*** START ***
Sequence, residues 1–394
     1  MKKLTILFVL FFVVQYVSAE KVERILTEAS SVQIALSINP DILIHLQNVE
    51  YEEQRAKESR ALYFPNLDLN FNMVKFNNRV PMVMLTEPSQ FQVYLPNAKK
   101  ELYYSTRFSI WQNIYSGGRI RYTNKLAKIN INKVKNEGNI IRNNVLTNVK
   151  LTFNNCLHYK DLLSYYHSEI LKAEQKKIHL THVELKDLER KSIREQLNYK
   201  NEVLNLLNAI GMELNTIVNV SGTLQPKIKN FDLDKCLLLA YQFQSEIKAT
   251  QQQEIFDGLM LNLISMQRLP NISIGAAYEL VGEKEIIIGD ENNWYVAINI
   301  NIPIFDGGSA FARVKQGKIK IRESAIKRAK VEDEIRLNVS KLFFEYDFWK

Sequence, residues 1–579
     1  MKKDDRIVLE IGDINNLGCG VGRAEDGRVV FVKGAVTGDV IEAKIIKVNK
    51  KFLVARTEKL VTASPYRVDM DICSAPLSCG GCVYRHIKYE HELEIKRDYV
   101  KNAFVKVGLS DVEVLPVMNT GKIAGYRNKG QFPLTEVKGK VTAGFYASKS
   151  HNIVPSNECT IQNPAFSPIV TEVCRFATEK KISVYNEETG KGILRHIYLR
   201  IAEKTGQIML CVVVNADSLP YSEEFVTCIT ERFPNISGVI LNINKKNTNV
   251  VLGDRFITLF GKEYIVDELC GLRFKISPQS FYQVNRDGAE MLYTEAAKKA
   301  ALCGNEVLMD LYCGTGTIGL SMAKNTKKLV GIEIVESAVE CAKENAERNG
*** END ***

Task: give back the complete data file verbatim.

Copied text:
Sequence, residues 1–394
     1  MKKLTILFVL FFVVQYVSAE KVERILTEAS SVQIALSINP DILIHLQNVE
    51  YEEQRAKESR ALYFPNLDLN FNMVKFNNRV PMVMLTEPSQ FQVYLPNAKK
   101  ELYYSTRFSI WQNIYSGGRI RYTNKLAKIN INKVKNEGNI IRNNVLTNVK
   151  LTFNNCLHYK DLLSYYHSEI LKAEQKKIHL THVELKDLER KSIREQLNYK
   201  NEVLNLLNAI GMELNTIVNV SGTLQPKIKN FDLDKCLLLA YQFQSEIKAT
   251  QQQEIFDGLM LNLISMQRLP NISIGAAYEL VGEKEIIIGD ENNWYVAINI
   301  NIPIFDGGSA FARVKQGKIK IRESAIKRAK VEDEIRLNVS KLFFEYDFWK

Sequence, residues 1–579
     1  MKKDDRIVLE IGDINNLGCG VGRAEDGRVV FVKGAVTGDV IEAKIIKVNK
    51  KFLVARTEKL VTASPYRVDM DICSAPLSCG GCVYRHIKYE HELEIKRDYV
   101  KNAFVKVGLS DVEVLPVMNT GKIAGYRNKG QFPLTEVKGK VTAGFYASKS
   151  HNIVPSNECT IQNPAFSPIV TEVCRFATEK KISVYNEETG KGILRHIYLR
   201  IAEKTGQIML CVVVNADSLP YSEEFVTCIT ERFPNISGVI LNINKKNTNV
   251  VLGDRFITLF GKEYIVDELC GLRFKISPQS FYQVNRDGAE MLYTEAAKKA
   301  ALCGNEVLMD LYCGTGTIGL SMAKNTKKLV GIEIVESAVE CAKENAERNG